QUIETLY INTENSE PERFORMER OUTSHINES THE BRIGHT SPOTLIGHT
By T.T. Stern-Enzi
There is a delicious thrill in watching a completely dialed-in performer tackle a truly larger than life character, one of those outsized personalities that can dominate a story, crowding out others, even the presumed protagonists. Two of the most recent instances of such glorious, attention distorting performances involve Ben Kingsley in “Sexy Beast,” all the way back in 2000, and Jude Law in “Dom Hemingway” from 2013. It is worth noting that Law’s Hemingway bloke, a balls-out tough guy re-emerging after 12 years in prison, seeking what he believes is his due for keeping his trap shut, bears more than a passing resemblance to Kingsley’s brutal Don Logan, a volcanic force of nature, hell-bent on recruiting a retired felon (Ray Winstone) for the classic “one last job” that everyone knows will never go well for anyone involved.
Kingsley sets the highest bar in recent memory because of the jaw-dropping contrast in Don Logan compared to the more recognizable performances in the Academy Award-winning actor’s filmography. Logan alone in the frame is the rampaging Travis Bickle in the heat of the moment, blasting his way through any sucker unfortunate enough to wind up in his path (to say nothing of Logan when he’s ravenously chewing up his co-stars like so much tasty scenery). Kingsley creates a predator with a boundless appetite for destruction, barely contained onscreen.
Joining him in this select pantheon now is Ralph Fiennes, another thespian known for his quiet intensity and sensitive intellect. Fiennes has been twice nominated for Academy Awards—“Schindler’s List” in 1994 and “The English Patient” three years later in 1997—but even as the Nazi camp commandant in “Schindler’s List,” a role requiring him to indulge in unspeakable evil, he rarely lets loose, pushing the pedal all the way to the floor. He leaves us wanting more, whether it is demonic depravity or romantic passion.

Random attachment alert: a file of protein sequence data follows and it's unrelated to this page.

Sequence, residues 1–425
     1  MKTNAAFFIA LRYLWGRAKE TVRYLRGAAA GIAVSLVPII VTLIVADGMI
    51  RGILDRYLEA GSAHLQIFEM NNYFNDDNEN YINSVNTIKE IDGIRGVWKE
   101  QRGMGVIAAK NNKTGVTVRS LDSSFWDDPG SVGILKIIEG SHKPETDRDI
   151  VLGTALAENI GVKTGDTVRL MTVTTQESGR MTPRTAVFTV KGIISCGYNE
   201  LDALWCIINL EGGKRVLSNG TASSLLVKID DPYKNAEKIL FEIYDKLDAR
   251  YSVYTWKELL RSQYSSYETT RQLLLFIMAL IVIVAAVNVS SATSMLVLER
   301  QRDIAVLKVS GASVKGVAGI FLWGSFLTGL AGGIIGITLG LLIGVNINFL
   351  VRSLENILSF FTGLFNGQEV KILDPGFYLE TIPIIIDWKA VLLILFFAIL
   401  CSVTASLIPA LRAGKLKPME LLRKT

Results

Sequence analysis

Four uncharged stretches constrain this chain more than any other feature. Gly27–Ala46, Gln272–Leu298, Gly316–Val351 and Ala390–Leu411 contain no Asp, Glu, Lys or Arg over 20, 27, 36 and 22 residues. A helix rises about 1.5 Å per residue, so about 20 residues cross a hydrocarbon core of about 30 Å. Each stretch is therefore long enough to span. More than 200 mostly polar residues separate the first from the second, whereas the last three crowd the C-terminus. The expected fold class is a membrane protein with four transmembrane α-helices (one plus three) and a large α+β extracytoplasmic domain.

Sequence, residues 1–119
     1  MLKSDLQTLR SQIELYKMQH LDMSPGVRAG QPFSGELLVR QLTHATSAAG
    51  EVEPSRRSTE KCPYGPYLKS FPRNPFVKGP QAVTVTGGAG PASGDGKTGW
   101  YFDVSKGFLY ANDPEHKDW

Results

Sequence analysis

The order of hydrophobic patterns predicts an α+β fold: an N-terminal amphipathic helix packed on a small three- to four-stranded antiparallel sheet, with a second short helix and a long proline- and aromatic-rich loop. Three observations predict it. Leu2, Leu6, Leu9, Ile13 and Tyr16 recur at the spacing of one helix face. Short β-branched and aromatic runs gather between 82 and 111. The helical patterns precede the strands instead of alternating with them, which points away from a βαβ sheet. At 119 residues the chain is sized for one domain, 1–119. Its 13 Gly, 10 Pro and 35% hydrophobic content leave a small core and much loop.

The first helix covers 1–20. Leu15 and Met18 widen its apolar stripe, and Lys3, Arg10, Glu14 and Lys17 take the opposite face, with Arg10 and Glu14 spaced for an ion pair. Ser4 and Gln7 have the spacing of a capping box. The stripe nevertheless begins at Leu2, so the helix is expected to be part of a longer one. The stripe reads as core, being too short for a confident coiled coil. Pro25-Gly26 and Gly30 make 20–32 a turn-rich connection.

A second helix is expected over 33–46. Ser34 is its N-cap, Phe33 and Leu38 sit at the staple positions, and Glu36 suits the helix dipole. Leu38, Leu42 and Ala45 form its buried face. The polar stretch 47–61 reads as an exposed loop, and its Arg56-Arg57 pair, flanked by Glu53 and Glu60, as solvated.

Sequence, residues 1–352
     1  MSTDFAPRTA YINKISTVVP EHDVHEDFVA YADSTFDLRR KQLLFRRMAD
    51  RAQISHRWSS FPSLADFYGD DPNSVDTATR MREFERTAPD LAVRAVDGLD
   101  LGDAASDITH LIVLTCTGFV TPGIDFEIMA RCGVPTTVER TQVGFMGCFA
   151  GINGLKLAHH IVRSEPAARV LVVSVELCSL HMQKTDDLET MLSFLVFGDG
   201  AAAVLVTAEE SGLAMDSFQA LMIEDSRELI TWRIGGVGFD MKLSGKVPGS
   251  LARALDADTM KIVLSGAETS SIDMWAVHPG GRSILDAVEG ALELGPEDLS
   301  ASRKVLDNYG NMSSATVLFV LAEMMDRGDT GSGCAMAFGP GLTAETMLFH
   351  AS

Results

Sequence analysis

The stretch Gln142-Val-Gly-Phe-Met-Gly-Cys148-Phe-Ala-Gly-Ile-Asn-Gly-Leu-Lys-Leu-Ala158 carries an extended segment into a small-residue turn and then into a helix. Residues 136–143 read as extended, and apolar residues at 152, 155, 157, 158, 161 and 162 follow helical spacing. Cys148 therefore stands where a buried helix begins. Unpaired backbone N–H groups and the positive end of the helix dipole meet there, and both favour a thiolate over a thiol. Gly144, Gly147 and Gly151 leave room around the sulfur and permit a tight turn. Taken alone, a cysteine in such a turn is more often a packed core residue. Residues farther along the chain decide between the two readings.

Which is what makes his Harry Hawkes, in Luca Guadagnino’s “A Bigger Splash” such a spellbinding treat. Harry isn’t exactly an evil genius or a criminal mastermind. Truth be told, he’s something worse—an impresario who sees himself as the only story, the greatest life ever committed on God’s green Earth.
But before Harry enters the frame, Guadagnino presents Marianne Lane (Tilda Swinton), a legendary figure in her own right. Marianne is a rock star of the first order; equal parts Bowie and Jagger with maybe a touch of Dylan and Leonard Cohen in her poetic delivery. That she contains all of these elements without bursting at the seams or dissolving into nothingness is a testament to Swinton, an otherworldly presence who actually seems to be acting’s equivalent of this epic splicing of creative DNA.
Marianne, recuperating from throat surgery, passes the time with her younger lover Paul (Matthias Schoenaerts), a photographer and documentary filmmaker as only a pair of such high-profile folks can—in isolation on a remote Italian island where they can have sex and sun bathe in the nude all the time, partaking of such mundane acts like eating and breathing with only passing interest. A healthy dose of envy arises from watching these two, but it is impossible to completely comprehend, not unlike contemplating the genius of Michelangelo or Mozart.
Enter Harry and Penelope (Dakota Johnson), his bored but innately dangerous daughter. Harry, the former lover and producer/manager of Marianne sweeps in like a perfect storm, stirring up drama between the retiring couple that, we learn in flashbacks, he brought together. These memories pop up without seeming like disjointed breaks in the time flow, mainly because nothing could ever be as disruptive as Harry. He makes pronouncements and tells rambling stories, as if the very act provides all of the necessary oxygen for the world. When he’s not speaking, Harry dances and drops trou for impromptu swims whenever the mood strikes him, which is often.
We’ve never seen anything like Harry, especially from Fiennes, and we can only sit back and wait for him to burn through the narrative and character. He’s a planet crashing into a man-made lake, not creating “a bigger splash,” so much as obliterating the body of water.
Each of his co-stars more than hold their own, a supreme feat, and somehow the narrative bends back toward a conventional dramatic angle. The developing tangle of emotions feel familiar to us, but Harry, well, he’s something else altogether. Something that simply takes your breath away.